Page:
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Journal of Korean Neurosurgical Society > Volume 48(4); 2010 > Article
Journal of Korean Neurosurgical Society 2010;48(4): 319-324.
doi: https://doi.org/10.3340/jkns.2010.48.4.319
Anti-Platelet Drug Resistance in the Prediction of Thromboembolic Complications after Neurointervention.
Dal Sung Ryu, Chang Ki Hong, Yoo Sik Sim, Chang Hyun Kim, Jin Young Jung, Jin Yang Joo
Department of Neurosurgery, Cerebrovascular Center, Gangnam Severance Hospital, Yonsei University College of Medicine, Seoul, Korea. yedamin@yuhs.ac
ABSTRACT
OBJECTIVE
The aim of this study was to analyze the correlation between thromboembolic complications and antiplatelet drugs before and after neurointervention.
METHODS
Blood samples and radiographic data of patients who received a neurointervention (coil embolization, stent placement or both) were collected prospectively. Rapid platelet function assay-aspirin (RPFA-ASA) was used to calculate aspirin resistance in aspirin reaction units (ARU). For clopidogrel resistance, a P2Y12 assay was used to analyze the percentage of platelet inhibition. ARU > 550 and platelet inhibition < 40% were defined as aspirin and clopidogrel resistance, respectively.
RESULTS
Both aspirin and clopidogrel oral pills were administered in fifty-three patients before and after neurointerventional procedures. The mean resistance values of all patients were 484 ARU and < 39%. Ten (17.0%) of 53 patients showed resistance to aspirin with an average of 597 ARU, and 33 (62.3%) of 53 patients showed resistance to clopidogrel with an average of < 26%. Ten patients demonstrated resistance to both drugs, 5 of which suffered a thromboembolic complication after neurointervention (mean values : 640 ARU and platelet inhibition < 23%). Diabetic patients and patients with hypercholesterolemia displayed mean aspirin resistances of 513.7 and 501.8 ARU, and mean clopidogrel resistances of < 33.8% and < 40.7%, respectively.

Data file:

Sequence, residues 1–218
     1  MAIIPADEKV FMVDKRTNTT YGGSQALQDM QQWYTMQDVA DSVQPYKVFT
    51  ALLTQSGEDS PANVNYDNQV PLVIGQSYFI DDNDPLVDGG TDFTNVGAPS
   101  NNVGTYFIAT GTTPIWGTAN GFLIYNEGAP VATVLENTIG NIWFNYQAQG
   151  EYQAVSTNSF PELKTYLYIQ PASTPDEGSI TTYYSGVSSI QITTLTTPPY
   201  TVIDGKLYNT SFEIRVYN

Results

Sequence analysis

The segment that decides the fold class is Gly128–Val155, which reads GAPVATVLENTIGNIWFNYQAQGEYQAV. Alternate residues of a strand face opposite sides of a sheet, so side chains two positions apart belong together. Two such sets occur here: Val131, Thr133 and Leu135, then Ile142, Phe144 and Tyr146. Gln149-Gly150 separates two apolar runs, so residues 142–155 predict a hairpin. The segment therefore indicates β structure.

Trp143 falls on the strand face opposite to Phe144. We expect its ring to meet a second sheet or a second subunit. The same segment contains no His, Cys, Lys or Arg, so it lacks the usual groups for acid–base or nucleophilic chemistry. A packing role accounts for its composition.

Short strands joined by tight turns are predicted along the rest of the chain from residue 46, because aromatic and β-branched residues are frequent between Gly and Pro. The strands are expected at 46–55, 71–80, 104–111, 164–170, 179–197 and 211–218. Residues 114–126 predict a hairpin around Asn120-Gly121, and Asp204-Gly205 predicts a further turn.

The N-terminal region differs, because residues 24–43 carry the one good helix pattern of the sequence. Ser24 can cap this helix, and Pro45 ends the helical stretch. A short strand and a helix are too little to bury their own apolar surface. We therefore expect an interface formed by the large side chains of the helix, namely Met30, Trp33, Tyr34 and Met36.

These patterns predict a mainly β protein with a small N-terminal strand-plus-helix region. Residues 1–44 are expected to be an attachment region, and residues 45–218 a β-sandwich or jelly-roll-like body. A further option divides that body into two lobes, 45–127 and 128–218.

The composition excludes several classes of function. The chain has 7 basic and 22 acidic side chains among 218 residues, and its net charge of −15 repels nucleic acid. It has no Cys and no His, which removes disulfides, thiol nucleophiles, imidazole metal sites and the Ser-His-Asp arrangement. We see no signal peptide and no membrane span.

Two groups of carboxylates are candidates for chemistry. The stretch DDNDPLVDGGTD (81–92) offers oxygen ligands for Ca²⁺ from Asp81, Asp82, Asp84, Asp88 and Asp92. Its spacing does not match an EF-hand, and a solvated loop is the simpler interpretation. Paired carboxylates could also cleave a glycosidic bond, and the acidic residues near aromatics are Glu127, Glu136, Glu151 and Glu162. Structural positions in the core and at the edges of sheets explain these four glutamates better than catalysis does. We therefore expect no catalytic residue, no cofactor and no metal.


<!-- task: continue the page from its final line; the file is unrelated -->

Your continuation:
CONCLUSION
Identifying individuals with poor platelet inhibition using standard regimens is of great clinical importance and may help prevent cerebral ischemic events in the future. Neurointerventional research should focus on ideal doses, timing, choices, safety, and reliable measurements of antiplatelet drug therapy, as well as confirming the clinical relevance of aggregometry in cerebrovascular patients.
Key Words: Aspirin; Clopidogrel; Resistance; Neurointervention
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